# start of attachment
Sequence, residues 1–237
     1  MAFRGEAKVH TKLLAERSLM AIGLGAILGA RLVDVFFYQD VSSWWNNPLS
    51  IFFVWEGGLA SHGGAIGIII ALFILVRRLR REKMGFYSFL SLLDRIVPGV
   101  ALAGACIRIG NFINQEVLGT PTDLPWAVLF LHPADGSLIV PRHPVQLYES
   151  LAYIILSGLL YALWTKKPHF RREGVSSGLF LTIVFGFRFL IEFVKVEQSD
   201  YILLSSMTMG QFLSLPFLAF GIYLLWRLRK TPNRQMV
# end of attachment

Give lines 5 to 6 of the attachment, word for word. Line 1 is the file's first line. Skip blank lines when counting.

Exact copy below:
   151  LAYIILSGLL YALWTKKPHF RREGVSSGLF LTIVFGFRFL IEFVKVEQSD
   201  YILLSSMTMG QFLSLPFLAF GIYLLWRLRK TPNRQMV